# Homework Help: Urgent Help Needed

1. Oct 7, 2005

### Tom McCurdy

Urgent Help Needed!!!

Alright I have an odd question
I have this point at
42.29179 degrees N, 83.71636 degrees W

and I have this program that calculates distances of a rocket i'm firing that goes like 50 meters north and 100 meters east and i need to calculate the new GPS coordinates...

How Would i do this.... I need to submit my new coordinates in less than 4 hours!!!!

thx
tom

Last edited: Oct 7, 2005
2. Oct 7, 2005

### Tom McCurdy

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I have read somewhere that a second is about 30.9 meters, but I'm not sure about this yet.

3. Oct 7, 2005

### Tom McCurdy

I need a more accurate translation of how many meters are in a second

4. Oct 7, 2005

### Tide

The length of 1 second of arc in longitude depends on the latitude.

5. Oct 7, 2005

### Tom McCurdy

So what would be the new coordinates from

42.29179 degrees N, 83.71636 degrees W

That is 50 Meters North and 100 Meters more east
and how would i do the calculations for that

6. Oct 7, 2005

### Tom McCurdy

To get the coordinates of the system first the simulation was run. The simulation shows most of the coordinates landing about 100 meters East and 50 meters North of the starting position. To calculate the new coordinate from this I researched and found that one second is approximetly equal to 30.9 meters. Then I took 100/30.9=3.236 seconds added East. To get the fractional part that 3.236 seconds add I simply take 3.236/(60*60)=0.000899 degrees. A similar method is employed in finding the added north componet. 50/30.9=1.618 seconds 1.618/(60*60)=0.000449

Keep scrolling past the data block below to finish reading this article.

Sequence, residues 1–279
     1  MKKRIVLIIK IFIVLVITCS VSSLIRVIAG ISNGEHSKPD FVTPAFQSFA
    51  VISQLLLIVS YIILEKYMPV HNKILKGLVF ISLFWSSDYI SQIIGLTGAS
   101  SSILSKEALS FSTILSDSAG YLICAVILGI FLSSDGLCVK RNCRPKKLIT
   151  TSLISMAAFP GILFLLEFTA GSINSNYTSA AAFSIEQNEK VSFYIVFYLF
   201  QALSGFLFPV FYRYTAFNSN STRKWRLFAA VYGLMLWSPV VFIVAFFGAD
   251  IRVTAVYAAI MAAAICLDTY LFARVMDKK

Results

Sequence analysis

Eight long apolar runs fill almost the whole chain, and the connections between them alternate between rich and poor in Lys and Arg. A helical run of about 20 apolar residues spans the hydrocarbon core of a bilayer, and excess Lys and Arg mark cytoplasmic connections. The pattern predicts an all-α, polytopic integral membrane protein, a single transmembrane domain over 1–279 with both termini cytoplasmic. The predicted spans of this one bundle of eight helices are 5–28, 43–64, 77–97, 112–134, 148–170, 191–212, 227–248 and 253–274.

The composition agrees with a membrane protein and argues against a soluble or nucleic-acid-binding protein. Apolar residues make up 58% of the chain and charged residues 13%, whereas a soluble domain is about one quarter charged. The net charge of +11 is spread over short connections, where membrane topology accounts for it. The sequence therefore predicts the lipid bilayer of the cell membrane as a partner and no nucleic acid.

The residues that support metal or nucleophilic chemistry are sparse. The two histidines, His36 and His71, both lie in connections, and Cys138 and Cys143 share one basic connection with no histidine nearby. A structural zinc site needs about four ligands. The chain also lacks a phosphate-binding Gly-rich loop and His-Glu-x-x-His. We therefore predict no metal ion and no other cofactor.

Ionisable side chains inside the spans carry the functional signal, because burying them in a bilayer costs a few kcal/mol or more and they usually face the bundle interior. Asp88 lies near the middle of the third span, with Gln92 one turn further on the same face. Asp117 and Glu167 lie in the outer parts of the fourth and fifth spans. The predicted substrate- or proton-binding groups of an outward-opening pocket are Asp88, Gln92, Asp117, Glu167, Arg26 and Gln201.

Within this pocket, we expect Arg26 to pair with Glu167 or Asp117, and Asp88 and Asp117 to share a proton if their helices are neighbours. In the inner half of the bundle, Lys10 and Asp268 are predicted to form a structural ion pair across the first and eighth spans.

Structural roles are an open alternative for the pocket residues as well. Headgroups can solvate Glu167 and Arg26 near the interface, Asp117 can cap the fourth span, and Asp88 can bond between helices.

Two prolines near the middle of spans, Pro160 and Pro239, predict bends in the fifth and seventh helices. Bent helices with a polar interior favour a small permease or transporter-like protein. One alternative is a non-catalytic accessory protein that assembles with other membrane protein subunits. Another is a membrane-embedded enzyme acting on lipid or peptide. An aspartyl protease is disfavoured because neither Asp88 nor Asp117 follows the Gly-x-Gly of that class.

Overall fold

This gives 42.29179 degrees N + 0.000899 degrees N=42.29269

83.71636 degrees W- 0.000449 E (subtract since its in the east direction) =83.71591

7. Oct 7, 2005

### Tide

You have a little bit of a problem here though, practically speaking, it is unlikely to make much real difference but you are displaying 7 significant digits. The coordinates you end up with will be slightly different depending on whether you go 50 m north then 100 m east or 100 m east then 50 m north!

I'll let you work out the details but suppose the radius of the Earth is R (for simplicity take it to be in meters). Then, in travelling north or south, the change in latitude is

$$\Delta latitude = \frac {distance}{R}$$

In travelling east or west the change in longitude is

$$\Delta longitude = \frac {distance}{R \cos latitude}$$

with signs appropriate to the direction of travel. Notice that the change in longitude depends on the latitude at which you begin your east-west travel.

(Unfortunately TeX isn't working so I'm not sure how those equations look.)

8. Oct 7, 2005

### Tom McCurdy

had to delte

Last edited: Oct 7, 2005
9. Oct 7, 2005

### Tide

If you know the coordinates in lat/long form and you calculate the changes in lat/long then you can simply write the new coordinates in lat/long form. I don't see the problem.

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